The hypothesis evaluation in this study shows the significant relationship between perceived cost and customers’ acceptance with the P-value 0.020 (p < 0.05) while the proposed hypothesis was identified the negative relationship. In this study the computed value of Multiple Regression and Unstandardized Coefficients shows the positive relationship between customers’ acceptance with perceived cost, since, the responses are directly measured the negative relationship through the survey, the evidences indicate that it is a true relationship between perceived cost with customers’ acceptance. The results from the respondents in this study also demonstrate that most of the restaurants’ customers will be satisfied with their new experience even seems expensive to them.
According to Beverungen, Müller, Matzner, Mendling, and vom Brocke, (2017), smart services provide unique features through design, delivery service, and offers that can be distinguished from other resources of the same type. Roy, Balaji, Quazi, and Quaddus, (2018) illustrated that innovation characteristics such as novelty results in customers’ acceptance and resistance towards smart products and services. Hence, from the data analysis results, there is no significant relationship between novelty and customers’ acceptance. It may happen because of some traditional restaurants’ customers who prefer to continue their routines. In accordance with Lian and Yen (2013), and Mani and Chouk (2017) findings illustrated the negative relationship between cost and novelty that influence customers’ acceptance of smart services. In overall, the smart restaurant services did not unique to some respondents while they compare it with the existing ordering system in some restaurant. It means that the respondents do not have any expectation of fully smart services in a dining context.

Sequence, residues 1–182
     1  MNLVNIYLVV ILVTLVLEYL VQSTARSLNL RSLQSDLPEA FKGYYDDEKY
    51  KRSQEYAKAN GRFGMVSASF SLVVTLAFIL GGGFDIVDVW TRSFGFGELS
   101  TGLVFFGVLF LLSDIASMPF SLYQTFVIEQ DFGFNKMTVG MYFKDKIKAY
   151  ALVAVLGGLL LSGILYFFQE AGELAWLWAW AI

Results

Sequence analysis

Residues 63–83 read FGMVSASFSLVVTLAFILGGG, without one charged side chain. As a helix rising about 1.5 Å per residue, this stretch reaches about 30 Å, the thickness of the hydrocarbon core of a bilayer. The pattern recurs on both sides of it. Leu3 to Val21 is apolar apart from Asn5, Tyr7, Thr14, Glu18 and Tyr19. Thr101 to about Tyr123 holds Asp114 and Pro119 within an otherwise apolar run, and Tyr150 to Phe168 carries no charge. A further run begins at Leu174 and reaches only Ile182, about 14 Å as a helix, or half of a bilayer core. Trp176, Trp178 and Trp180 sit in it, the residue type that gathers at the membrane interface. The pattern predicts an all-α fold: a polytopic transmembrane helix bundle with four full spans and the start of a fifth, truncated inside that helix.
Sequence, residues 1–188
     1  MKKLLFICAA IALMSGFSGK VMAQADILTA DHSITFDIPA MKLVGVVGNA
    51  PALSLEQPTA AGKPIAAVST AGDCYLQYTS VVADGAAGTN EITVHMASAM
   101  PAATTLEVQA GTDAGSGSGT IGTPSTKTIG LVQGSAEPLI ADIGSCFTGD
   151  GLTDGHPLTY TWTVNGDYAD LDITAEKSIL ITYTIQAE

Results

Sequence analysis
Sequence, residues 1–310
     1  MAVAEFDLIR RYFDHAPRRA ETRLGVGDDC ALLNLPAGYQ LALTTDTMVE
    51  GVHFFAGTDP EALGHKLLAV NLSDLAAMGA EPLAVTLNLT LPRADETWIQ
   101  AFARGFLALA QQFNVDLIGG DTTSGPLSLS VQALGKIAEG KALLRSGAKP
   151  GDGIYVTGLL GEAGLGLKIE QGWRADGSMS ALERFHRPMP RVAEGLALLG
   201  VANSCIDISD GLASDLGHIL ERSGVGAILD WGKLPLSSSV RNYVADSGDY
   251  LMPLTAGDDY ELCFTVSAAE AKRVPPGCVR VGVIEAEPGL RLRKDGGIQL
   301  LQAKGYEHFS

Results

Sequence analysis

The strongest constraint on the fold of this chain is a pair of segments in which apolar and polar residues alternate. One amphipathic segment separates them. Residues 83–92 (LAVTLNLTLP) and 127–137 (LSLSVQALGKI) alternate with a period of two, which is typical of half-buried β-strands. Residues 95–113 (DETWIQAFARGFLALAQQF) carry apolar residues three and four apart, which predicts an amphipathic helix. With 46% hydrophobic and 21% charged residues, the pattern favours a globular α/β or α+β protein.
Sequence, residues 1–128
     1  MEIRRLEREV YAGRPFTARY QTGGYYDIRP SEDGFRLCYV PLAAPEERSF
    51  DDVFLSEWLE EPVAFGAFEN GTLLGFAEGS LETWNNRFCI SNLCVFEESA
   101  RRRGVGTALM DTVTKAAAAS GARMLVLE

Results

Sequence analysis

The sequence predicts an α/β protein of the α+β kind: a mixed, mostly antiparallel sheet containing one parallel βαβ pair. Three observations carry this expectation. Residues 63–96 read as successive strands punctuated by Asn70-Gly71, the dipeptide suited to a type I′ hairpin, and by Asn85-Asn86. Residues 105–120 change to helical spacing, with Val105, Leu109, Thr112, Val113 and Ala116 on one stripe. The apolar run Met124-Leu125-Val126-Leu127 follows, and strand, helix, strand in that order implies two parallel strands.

This study successfully addressed the determinant of customers’ acceptance level of smart restaurant services in Penang, Malaysia. In this research, the extended Technology Acceptance Model (TAM) and Theory of Diffusion of Innovation (DOI) are employed to illustrate which factors influence more and significantly on customers’ decision to use the new technology. The perceived enjoyment is the most significant factor, which plays the key role to increase the customers’ acceptance level of smart restaurant services.
The finding of this study is able to provide significant and meaningful intuition into adopting smart technology in the F&B industry for food and restaurant entrepreneurs. However, several limitations raised during the research procedure that is required to be addressed in future studies. It is essential to consider some factors which can affect customers’ decision-making and sometimes it is not predictable such as psychological barriers or cultural differences. Therefore, future study can utilise the present finding to explore other factors in term of psychological and emotional motivation, which can influence the pattern of customers’ acceptance level of smart restaurant services.
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26 December 2017
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Technology, smart cities, digital construction, industrial revolution 4.0, wellbeing & social resilience, economic resilience, environmental resilience
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Abhari, S., Jalali*, A., Jaafar, M., & Yean, L. C. (2017). Customers’ Acceptance Level Of Smart Restaurant Services In Penang. In P. A. J. Wahid, P. I. D. A. Aziz Abdul Samad, P. D. S. Sheikh Ahmad, & A. P. D. P. Pujinda (Eds.), Carving The Future Built Environment: Environmental, Economic And Social Resilience, vol 2. European Proceedings of Multidisciplinary Sciences (pp. 490-501). Future Academy. https://doi.org/10.15405/epms.2019.12.48